The point is, four hundred pages in and this book, whilst it doesn’t feel *wrong*, simply doesn’t have the same tone, the same sense of happiness and joy, and the same sense of self discovery that the first three books possessed and gifted the world with. Not to mention the unequivocally brilliant ending that was the finale to volume three. This may be Ms Rowling’s way of teaching kids around the world that life is not always fun, its not always happy but it’s fair to say that life is not always a life and death struggle against the forces of evil, either. Sure there is still fun to be had at Hogwarts in Year Four, but with Quidditch taken out of the book’s formula one of the most brilliant aspects of studying (and living) magic has been taken away from our heroes. And from the reader, as well.
And so it is up to JK to prove me wrong. THE GOBLET OF FIRE is exciting, it is thrilling, it’s highly educational and slightly political (anyone care to join SPEW? It’s for a great cause...) but as I have just mentioned, it is not the same joyful, laugh a minute reading experience the earlier books were. Keep reading, I will. That goes without saying. And if the book’s second half disproves what I have talked about in this review, I am sure to let you know. But for now take it from me. This book is mandatory reading but just don’t expect the soul enhancement you got from books one, two and three.
The story begins with a murder committed far away from Hogwarts. Yes, this one is way darker than the first three Harry Potter books. JK Rowling has handled this superbly well. The children who must have been lapping up the books were also growing along with Harry Potter. The negative picture of the story has been introduced in stages. Excellent!
Harry goes to stay at the Weasleys home towards the end of the summer holidays. Harry, Ron and Hermione get the opportunity of a lifetime – to go to the Quidditch World Cup match along with Mr. Weasley, Percy, Fred, George and Ginny. The ground where the match is to take place is totally bewitched with more than a million witches and wizards from around the world coming together to watch the match. One has to read the sequence to understand the magnitude of the author’s imagination as she describes the scene. Then, there is the match itself with the veelas (introducing yet another batch of magical creatures in the form of beautiful women) and Leprechauns fighting it out (literally) on behalf of the players of their countries.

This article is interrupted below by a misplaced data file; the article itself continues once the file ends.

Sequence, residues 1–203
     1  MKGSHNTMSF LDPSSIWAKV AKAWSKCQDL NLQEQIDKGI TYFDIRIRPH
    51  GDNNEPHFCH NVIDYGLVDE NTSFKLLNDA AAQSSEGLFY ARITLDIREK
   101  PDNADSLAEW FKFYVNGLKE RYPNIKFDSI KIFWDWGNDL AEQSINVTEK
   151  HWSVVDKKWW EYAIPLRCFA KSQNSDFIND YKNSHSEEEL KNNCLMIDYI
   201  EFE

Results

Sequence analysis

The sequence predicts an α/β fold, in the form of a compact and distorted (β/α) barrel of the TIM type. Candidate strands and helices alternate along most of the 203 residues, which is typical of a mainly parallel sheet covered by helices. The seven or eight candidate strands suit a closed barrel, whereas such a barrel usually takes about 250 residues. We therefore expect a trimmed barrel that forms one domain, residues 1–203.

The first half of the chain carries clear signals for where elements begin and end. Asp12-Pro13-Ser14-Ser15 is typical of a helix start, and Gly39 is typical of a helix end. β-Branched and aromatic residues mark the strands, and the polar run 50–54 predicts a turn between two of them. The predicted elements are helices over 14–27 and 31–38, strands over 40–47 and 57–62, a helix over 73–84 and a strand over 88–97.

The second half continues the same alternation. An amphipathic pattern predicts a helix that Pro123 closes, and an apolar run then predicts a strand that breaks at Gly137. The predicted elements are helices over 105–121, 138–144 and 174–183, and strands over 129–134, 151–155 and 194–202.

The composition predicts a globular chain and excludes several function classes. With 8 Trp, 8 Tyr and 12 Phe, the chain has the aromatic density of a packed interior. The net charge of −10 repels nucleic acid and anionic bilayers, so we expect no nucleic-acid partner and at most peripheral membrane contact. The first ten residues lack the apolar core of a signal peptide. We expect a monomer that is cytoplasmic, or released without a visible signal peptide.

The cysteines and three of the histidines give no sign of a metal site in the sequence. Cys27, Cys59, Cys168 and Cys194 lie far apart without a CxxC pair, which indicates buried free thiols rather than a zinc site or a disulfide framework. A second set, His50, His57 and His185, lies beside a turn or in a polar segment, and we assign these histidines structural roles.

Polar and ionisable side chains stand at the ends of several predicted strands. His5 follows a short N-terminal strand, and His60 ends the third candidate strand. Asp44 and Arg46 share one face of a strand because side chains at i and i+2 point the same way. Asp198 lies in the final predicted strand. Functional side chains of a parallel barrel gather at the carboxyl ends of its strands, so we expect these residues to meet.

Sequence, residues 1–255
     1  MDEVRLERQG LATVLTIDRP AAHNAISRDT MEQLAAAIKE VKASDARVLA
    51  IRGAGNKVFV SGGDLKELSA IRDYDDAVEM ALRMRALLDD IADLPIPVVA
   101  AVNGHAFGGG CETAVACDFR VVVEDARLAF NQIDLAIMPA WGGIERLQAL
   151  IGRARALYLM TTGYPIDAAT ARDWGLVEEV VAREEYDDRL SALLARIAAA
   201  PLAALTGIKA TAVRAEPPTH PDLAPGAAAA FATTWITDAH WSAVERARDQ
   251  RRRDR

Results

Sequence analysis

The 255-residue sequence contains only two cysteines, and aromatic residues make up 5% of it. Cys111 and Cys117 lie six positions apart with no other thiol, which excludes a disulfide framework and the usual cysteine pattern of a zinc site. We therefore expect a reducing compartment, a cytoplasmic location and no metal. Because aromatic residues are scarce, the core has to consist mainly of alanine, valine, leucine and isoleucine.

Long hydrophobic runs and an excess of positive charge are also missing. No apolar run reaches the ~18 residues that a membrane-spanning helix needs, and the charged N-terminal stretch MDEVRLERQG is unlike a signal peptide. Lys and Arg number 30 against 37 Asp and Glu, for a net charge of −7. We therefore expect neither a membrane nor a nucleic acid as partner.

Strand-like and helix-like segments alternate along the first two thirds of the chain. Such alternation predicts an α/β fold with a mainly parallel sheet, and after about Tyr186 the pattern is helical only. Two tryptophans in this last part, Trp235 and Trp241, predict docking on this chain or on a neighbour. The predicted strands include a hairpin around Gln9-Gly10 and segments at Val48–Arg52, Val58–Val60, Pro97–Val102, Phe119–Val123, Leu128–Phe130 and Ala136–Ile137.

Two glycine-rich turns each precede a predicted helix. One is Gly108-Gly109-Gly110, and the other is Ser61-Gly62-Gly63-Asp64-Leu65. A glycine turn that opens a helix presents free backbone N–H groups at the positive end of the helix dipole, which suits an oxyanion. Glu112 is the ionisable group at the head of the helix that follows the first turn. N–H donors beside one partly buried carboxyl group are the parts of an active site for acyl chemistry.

There is Barty Crouch from the ministry and Ludo Bagman who is supposed to be in charge of organizing the match - interesting characters that move the story along.
The Dark Mark is set off immediately after the match and the Death Eaters (Lord Voldemort’s followers) are rather excited. This brings about the question whether the evil Voldemort is coming back.
The fourth year begins at Hogwarts and this year, they get yet another defense against the dark arts teacher in the form of Professor Moody. Moody has the oddest appearance that one could have ever seen. Beautifully described! He wears a bright blue ball for one eye that rotates fast giving him a 360 degree view, even through Moody’s own head. This eye has given the professor the name Mad-eye Moody. While he does not hesitate to train the students in the forbidden curses, he is so far the best teacher they have had in the subject. Moody takes a liking to Harry and vice versa. But is he what he appears to be?
Then there is the Triwizard Tournament to take place between Hogwarts and two foreign magic schools – Durmstrang and Beauxbatons. Three champions – one from each school – are to compete in the tournament. Students who are interested in participating and are above the age of 17 are only allowed to put their names written on parchments into the Goblet of Fire. No one could cheat the age line drawn around the goblet by Dumbledore.
Fortunately or unfortunately, someone has added Harry’s name (he is underage) to the goblet. The magical goblet chooses four champions – Viktor Krum from Durmstrang; Fleur Delacour from Beauxbatons; Cedric Diggory from Hogwarts and Harry Potter from Hogwarts. Ron is quite cut up with Harry as he believes that Harry has used special magic to add his name to the fire.
While the delegations from the other schools are not happy to have two champions from Hogwarts, Dumbledore is worried about Harry’s participation in the tournament. But, Harry has no choice as he is magically bound to do it as his name was thrown out of the Goblet of Fire.
Adventures galore involving dragons, mer-people and a dark maze follow. The tournament leads to the climax that is as amazing as it is incredible. One has to read it to believe it. I remember reading the last few chapters a few times before I could fully absorb that Lord Voldemort was finally back.
Priori Incantatem was simply amazing! You have to read the book to check it out for yourself. I read, breathed, woke up and slept magic for weeks together on reading this book the first time. The ninth time was no different, believe me.
Absolutely fascinating! While one part of your mind might feel that Harry is too young to face such things in life, the logical follow up of events convince you that he is the perfect hero.
Love you Harry Potter and love you JK Rowling for giving birth to Harry!